Meetings & Conventions: Planner's Portfolio February
Back to Basics
By Sally J. Walton, M.A.
BRIDGING THE CULTURE GAP
Sensitivity to attendees’ languages and learning styles
enhances the meeting experience
Different cultures convey knowledge and learn in different ways,
so a diverse audience presents special program challenges. How will
your meeting “translate” to attendees from various regions of the
Rather than trying to remember tips for specific cultures,
planners can focus on a few concepts that give international
meetings a broad base.
The United States has possibly the most informal culture in the
world, a characteristic that does not communicate easily to
international audiences. Multicultural programs need to be more
formal and prepared.
Ease the language barrier. Always have handouts
available in various languages. Slow the pace of meetings and add
more references to the printed materials if many in the group are
not native speakers of the event’s chosen language.
Use formal names. Address participants as Mr.
or Ms. (last name), unless you are specifically invited to use a
Start on a serious note. Consider giving
concepts, models and theories to begin a learning session; save
icebreaker exercises until just before the first break.
Unlike in the United States, with its emphasis on individualism,
most cultures prefer to spend some time working in groups or
Include group exercises and even
mini-competitions. Give rewards and recognition to the
winning teams. This can be fun, and it helps attendees feel more
welcome and involved in the overall event.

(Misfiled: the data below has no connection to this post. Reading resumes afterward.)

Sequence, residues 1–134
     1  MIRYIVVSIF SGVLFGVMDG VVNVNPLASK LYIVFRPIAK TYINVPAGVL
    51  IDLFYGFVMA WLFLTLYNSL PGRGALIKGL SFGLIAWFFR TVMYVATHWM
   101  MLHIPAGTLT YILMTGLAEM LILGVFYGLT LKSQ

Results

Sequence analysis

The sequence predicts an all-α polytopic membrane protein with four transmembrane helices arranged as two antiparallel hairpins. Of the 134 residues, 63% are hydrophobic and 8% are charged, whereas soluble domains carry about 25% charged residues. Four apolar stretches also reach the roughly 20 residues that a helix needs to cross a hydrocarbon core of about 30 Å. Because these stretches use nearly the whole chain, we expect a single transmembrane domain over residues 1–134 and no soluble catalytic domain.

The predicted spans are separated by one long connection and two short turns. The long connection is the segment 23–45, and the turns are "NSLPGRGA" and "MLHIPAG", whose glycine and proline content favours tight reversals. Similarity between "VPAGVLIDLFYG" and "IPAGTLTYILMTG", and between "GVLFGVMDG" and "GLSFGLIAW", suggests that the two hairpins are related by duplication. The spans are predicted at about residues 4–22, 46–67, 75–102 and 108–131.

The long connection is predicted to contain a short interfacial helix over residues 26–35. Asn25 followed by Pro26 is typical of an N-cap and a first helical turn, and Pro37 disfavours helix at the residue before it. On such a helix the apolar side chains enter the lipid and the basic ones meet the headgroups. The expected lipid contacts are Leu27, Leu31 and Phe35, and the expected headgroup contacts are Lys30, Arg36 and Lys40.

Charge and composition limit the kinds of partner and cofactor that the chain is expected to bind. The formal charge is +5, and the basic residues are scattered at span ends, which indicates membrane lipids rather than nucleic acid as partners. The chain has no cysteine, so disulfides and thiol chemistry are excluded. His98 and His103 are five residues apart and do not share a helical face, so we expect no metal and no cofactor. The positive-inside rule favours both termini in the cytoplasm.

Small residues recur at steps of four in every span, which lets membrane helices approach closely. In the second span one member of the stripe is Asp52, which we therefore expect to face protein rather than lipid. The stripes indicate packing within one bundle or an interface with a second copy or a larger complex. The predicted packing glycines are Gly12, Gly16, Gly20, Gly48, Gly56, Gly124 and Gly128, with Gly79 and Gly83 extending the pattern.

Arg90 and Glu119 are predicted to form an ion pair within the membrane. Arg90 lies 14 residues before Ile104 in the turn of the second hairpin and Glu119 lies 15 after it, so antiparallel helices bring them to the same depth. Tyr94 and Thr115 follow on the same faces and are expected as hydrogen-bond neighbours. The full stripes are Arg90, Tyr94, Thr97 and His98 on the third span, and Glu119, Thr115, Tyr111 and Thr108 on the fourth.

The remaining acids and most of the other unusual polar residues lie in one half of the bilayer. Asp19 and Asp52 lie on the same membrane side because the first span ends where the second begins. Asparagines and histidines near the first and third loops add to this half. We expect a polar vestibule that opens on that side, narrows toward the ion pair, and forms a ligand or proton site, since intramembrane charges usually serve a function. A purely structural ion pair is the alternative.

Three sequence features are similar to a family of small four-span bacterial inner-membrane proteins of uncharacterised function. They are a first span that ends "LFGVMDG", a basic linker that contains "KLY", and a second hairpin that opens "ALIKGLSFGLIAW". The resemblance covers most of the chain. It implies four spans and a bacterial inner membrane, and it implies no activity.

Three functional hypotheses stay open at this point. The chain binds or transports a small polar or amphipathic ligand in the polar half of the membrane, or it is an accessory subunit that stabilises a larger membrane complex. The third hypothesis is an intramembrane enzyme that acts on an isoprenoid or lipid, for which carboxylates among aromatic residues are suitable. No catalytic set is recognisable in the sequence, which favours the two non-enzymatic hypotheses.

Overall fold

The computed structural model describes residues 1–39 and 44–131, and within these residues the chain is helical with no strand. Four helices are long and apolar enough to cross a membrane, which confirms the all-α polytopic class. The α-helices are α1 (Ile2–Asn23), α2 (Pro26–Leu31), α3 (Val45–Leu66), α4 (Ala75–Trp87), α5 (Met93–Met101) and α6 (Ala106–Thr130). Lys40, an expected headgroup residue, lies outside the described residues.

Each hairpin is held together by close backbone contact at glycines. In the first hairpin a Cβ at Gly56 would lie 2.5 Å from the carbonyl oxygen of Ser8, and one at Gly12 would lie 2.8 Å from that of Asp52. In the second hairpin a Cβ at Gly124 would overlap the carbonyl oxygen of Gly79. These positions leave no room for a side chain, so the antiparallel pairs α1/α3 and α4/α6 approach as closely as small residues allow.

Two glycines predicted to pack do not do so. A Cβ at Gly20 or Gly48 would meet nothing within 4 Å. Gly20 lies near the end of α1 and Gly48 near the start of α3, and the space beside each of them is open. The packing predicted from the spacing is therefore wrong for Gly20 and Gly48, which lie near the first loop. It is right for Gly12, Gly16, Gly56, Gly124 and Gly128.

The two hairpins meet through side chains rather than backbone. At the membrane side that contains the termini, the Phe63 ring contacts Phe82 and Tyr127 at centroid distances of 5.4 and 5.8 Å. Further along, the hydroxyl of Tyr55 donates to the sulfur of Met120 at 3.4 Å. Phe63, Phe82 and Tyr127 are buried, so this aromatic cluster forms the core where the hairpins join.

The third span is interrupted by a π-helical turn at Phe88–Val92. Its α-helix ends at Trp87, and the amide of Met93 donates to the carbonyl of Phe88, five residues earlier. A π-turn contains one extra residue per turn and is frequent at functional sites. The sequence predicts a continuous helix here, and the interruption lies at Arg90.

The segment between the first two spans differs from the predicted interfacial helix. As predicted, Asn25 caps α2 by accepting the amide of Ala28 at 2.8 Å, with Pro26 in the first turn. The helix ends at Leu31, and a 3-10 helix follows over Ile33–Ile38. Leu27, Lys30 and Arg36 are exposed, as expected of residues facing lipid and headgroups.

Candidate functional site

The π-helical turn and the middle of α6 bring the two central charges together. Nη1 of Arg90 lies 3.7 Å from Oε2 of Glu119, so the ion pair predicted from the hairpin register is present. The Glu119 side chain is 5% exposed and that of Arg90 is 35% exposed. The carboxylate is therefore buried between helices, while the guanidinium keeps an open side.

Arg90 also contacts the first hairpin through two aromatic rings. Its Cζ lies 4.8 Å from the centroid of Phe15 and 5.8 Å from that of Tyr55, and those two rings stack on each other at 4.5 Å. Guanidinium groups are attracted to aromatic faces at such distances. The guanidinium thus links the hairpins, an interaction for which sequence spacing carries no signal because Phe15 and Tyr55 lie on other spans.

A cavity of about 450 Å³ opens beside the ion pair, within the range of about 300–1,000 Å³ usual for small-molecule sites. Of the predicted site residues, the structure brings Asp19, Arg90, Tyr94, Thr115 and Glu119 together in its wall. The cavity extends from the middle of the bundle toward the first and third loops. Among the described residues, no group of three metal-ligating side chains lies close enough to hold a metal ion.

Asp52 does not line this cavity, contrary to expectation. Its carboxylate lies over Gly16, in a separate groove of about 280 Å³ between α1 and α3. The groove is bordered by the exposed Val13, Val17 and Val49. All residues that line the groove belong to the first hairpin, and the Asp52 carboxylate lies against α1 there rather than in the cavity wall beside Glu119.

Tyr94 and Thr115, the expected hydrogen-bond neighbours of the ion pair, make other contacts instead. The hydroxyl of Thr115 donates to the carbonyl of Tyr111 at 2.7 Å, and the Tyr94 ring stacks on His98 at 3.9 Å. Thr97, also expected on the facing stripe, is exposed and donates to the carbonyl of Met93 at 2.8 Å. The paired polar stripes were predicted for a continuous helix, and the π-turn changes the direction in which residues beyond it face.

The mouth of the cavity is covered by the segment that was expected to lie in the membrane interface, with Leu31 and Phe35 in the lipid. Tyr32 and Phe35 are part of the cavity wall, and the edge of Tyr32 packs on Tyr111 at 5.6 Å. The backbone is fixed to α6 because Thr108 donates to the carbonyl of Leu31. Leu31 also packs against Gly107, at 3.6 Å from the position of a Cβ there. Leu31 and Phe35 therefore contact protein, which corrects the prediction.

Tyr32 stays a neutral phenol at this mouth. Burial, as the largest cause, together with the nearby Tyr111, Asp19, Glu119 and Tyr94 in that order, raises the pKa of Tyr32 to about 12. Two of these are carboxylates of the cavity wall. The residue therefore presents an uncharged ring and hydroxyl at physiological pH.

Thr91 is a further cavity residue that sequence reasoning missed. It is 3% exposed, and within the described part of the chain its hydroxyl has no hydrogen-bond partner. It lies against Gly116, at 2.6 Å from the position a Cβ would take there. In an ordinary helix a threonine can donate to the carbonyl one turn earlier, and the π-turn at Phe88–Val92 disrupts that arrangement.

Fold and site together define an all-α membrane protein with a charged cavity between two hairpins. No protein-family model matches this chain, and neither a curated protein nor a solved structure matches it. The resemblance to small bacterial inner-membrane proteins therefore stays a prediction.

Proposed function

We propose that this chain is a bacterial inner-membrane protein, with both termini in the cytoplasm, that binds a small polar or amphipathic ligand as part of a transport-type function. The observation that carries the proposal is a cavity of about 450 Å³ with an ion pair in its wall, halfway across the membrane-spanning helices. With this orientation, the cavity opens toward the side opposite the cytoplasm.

Ask open-ended questions to make sure your message comes
across. While Americans are encouraged to ask questions
and challenge concepts they don’t understand or with which they
disagree, this is not so for some other cultures. When all is
quiet, it is too easy to assume there is complete
Make it an exercise. Since individuals might be
reluctant to speak up, have small groups of attendees develop
questions about the session for the presenter.
Learn a few phrases, or at least a greeting, in the language(s) of
the group, and welcome participants in their own language. They
will appreciate the effort.
Observe the behavior and demeanor of those around you
when in a foreign setting. That doesn’t mean you should
slavishly imitate, but it could require adjusting your energy
level, sitting more upright or lowering your voice volume.
Don’t use humor until you know the person or group
fairly well. All cultures have a sense of humor, but what
is funny is always based on shared context, and finding that
context takes some time.
Don’t generalize. The many factors influencing
behavior (age, gender, nationality, religion, education, class,
life experience) are too complex to allow lists of general
characteristics for any given group. What you will encounter with
any given person will be influenced by the above factors, as well
as how much they were studying your culture while you were studying
Take it all in. To win support and enthusiasm
in a multicultural learning environment, have a genuine interest in
other cultures. If you’re the one traveling, show appreciation for
the food, special sites you’ve seen in the host country or home
countries of attendees. If the group is coming to the States, find
out what attractions are of most interest, and include the
information in the welcome or registration packets.
Reap rewards. By learning how to communicate
across cultures, learning increases, stress levels decrease and
everyone has more fun.Sally J. Walton, M.A., based in Petaluma,
Calif., speaks on diversity issues (www.globalperspective.com).
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